The University of Iowa

Office Safety

Office areas are different from many other operations found at the University. Health and safety hazards that are most commonly found in University offices, classrooms or closing related environments are discussed in the following information. 

The following topics are discussed below:

  • For emergency assistance, telephone 911. The Department of Public Safety (Campus Police) provides emergency response for campus incidents. Procedures are found on the Emergency Preparedness Website.
  • The DPS web site includes for details on the siren warning system, the Hawk Alert message system, fire prevention and safety, and a printable desktop guide on emergency procedures.
  • If a small fire situation arises, University employees are not required to use a fire extinguisher, but if they do the operator must report the incident to 911 as soon as possible.
  • For work-related injury or illness, the electronic First Report of Injury form must be submitted through the HR Self-Service site within 24 hours of the incident. Once the report is submitted to the UI Benefits Office, automatic e-mail notifications will be sent to the injured employee, the supervisor, and the HR Unit Representative.
  • If medical treatment is needed, treatment locations authorized by the workers compensation insurance claims administrator in Des Moines must be used to receive benefits for medical payments and work absences.
  • When an employee is injured on the job, it is important to conduct an accident investigation as soon as possible. Guidance and forms are on the EHS web site.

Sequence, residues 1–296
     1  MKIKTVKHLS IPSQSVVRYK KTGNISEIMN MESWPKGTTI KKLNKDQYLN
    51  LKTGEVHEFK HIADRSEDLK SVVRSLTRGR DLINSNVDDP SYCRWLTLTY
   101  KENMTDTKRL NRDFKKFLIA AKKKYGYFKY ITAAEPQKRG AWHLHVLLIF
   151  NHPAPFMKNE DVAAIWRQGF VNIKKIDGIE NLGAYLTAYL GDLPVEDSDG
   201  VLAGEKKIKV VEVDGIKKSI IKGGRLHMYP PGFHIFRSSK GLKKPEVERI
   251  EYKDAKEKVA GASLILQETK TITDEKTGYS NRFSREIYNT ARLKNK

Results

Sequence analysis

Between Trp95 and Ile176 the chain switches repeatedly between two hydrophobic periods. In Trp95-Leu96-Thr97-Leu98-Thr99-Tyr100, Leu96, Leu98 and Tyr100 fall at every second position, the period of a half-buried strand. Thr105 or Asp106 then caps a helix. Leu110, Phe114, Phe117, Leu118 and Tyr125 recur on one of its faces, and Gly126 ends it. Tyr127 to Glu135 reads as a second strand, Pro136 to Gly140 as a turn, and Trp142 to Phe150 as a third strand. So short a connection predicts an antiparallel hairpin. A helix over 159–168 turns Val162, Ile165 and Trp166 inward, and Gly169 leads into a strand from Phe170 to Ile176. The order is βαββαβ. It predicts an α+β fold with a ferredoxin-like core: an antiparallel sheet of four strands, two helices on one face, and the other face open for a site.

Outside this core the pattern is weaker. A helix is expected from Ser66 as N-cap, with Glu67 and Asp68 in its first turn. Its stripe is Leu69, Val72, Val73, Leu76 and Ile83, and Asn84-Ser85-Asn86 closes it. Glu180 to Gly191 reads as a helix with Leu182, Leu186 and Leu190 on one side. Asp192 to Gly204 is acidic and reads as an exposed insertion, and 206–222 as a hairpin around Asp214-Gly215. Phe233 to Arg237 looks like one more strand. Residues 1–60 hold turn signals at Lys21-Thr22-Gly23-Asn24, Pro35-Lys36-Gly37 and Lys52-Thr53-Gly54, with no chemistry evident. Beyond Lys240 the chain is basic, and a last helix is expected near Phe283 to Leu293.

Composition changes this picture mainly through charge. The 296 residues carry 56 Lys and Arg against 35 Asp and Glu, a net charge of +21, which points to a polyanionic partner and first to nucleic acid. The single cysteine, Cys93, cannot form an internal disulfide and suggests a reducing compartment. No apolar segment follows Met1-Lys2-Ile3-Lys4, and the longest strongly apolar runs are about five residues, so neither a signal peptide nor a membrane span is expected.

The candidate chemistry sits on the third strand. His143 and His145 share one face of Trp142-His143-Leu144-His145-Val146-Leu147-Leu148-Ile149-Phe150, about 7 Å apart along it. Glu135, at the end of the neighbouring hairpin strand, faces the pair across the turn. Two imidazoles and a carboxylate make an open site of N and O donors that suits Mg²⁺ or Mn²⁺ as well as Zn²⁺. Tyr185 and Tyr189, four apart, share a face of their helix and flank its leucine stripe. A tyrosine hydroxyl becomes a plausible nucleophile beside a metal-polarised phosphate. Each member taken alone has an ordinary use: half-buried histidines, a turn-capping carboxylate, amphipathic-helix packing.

"Ergonomics is the science of fitting workplace conditions and job demands to the capabilities of the working population. Ergonomics is an approach or solution to deal with a number of problems – among them are work-related musculoskeletal disorders.”– NIOSH

Click on UI's Ergonomics Program for more information about the services offered and steps to take to request assistance.

Proper material storage and housekeeping are essential in maintaining a functional office operation. Click on this link for more information on storage of office materials.

Indoor environmental quality (IEQ) concerns are generally related to ventilation systems, the air, materials, operations inside a building, moisture intrusion, and individual sensitivities. In a University building, the first contact for an indoor environmental quality concern is the maintenance organization for that building.

Other concerns not related to building air quality, but which may be perceived as an air quality issue are noise, transient odors from paint, roof repair, construction, lighting, workstation design, or job stress. These issues need to be addressed between management of the affected department and the department overseeing the cause of the source.

The U.S. Environmental Protection Agency regulates disposal of hazardous universal waste such as fluorescent lamps, batteries, and thermometers as these items may contain hazardous metals or materials. The EHS website has lists of these items, along with procedures to label the waste and have it picked up by EHS. Custodians remove items such as fluorescent lamps for proper disposal.

In the State of Iowa, alkaline batteries and incandescent lamps (light bulbs) may be thrown away in the regular trash because they are not considered hazardous or universal waste.

It is advisable to first check with your supervisor if you have questions about your building or workplace procedures; many units have a designated safety coordinator or safety committee representative to answer your questions. You may also contact EHS staff with additional questions; a list of EHS staff and contact information is found under Contact Us.